Letter to the Editor: By being proactive, you just may save a life

Dear Editor,

The Crime Victims Program at Catholic Charities Of Chenango County focuses heavily on Domestic Violence (DV) in and around our county. The intention of this letter is three fold: 1) to let the public know exactly what our DV program advocates do for victims of domestic violence; 2) to make the public aware of the amount of domestic violence that happens in this county on a yearly basis; and 3) to let the public know what they can do to help victims of domestic violence.

Domestic Violence advocates meet with DV Victims to assess the situation they present, assist each client in identifying goals and problem areas by discussing their current and past situation, make a safety plan and provide short-term counseling. Advocates will do referrals to other agencies and organizations that can help with such things as housing and will accompany clients to meetings with law enforcement (to file a complaint), Department of Social Services (to apply for necessary services), Family Court (for orders of protection) and any other area where assistance is needed. Advocates work with DV clients considering relocation by helping them assess their financial status, income needs, employment eligibility/potential and need for further financial assistance. Advocates will also help any victim of crime complete and file compensation claims from the New York State Office of Victim Services. All of these services and more are done confidentially. Everything stays between the domestic violence advocate and the domestic violence victim. Advocates are bound by a confidentiality agreement that is reviewed on a yearly basis.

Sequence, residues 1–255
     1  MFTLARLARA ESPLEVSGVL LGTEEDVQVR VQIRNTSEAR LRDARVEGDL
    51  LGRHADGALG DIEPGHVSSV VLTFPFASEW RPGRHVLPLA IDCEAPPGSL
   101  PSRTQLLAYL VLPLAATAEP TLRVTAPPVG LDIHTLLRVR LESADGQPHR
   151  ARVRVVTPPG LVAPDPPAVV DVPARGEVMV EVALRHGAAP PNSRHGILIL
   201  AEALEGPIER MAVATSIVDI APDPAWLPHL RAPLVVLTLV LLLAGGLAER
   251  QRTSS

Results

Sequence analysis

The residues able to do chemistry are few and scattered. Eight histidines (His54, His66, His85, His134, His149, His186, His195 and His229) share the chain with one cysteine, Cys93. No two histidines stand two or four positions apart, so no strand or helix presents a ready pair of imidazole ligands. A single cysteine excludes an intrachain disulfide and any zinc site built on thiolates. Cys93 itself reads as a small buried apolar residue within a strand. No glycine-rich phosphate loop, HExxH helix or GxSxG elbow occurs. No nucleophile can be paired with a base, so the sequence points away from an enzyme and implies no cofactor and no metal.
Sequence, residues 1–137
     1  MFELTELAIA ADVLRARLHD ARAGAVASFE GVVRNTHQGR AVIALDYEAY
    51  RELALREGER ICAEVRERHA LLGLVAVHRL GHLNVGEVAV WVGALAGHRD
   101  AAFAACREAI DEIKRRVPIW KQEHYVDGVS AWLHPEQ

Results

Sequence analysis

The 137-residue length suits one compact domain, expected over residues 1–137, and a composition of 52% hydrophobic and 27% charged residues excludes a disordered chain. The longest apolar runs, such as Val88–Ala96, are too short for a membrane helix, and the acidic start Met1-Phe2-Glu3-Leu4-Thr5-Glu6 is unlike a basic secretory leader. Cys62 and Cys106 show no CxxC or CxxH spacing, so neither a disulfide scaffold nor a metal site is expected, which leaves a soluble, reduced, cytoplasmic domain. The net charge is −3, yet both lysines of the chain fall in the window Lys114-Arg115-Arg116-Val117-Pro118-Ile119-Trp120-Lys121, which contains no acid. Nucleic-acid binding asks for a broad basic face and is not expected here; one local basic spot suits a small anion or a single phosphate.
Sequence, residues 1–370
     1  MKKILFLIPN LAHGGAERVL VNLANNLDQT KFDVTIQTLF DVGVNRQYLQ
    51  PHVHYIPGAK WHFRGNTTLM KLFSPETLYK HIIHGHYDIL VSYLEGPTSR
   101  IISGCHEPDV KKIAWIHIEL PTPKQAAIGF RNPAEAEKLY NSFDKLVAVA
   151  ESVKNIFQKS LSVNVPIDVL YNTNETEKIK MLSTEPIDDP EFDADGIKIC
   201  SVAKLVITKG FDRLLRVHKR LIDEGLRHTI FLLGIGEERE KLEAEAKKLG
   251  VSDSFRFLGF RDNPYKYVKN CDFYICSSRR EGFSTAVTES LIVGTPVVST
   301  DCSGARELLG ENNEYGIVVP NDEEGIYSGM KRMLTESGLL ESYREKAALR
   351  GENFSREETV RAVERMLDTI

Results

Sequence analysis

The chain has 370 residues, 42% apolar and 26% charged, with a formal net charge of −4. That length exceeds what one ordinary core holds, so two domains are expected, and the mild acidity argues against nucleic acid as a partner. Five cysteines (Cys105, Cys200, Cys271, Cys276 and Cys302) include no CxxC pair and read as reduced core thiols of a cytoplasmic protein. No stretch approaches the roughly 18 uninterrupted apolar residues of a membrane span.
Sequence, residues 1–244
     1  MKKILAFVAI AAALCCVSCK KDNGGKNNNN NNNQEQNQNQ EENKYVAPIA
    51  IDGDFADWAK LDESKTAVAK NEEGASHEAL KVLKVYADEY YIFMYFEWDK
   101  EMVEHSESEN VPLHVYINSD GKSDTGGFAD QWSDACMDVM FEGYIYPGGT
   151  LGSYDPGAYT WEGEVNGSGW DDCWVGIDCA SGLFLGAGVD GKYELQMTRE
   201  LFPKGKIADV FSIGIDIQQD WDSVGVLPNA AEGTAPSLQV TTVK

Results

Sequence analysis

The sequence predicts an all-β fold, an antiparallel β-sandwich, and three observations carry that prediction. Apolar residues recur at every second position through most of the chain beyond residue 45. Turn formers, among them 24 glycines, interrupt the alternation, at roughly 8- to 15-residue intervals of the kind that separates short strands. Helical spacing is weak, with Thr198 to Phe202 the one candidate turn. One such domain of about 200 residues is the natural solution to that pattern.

In 2013, advocates met with and assisted 305 victims of domestic violence and their families (in most cases, children). Victims include men against women, women against men, men against men and women against women. Sometimes you cannot see that someone is a victim of domestic violence because they are not physically beaten, they are mentally broken down by their abuser. In many cases, if there is domestic violence in the home, there is also child abuse in the home. This past year, the Crime Victims Program was able to help 41 adults and 67 children seek refuge from their abuser until they were able to get back of their feet and find a safe place to live.

Lastly, what can people do if they are a victim or know a victim of domestic violence? If you are a victim, call our confidential hotline ~ 607-336-1101. Come to Catholic Charities on O’Hara Drive (behind McDonald’s) and ask to see an advocate. If you know that someone is being abused either physically or mentally, you can help them by giving them this information, offer them a ride to seek help, or just encourage them to think about seeking help. No one deserves to be abused and by being proactive, you just may save a life.

Karen Glasbergen

Crime Victims Program Director

Catholic Charities of Chenango County

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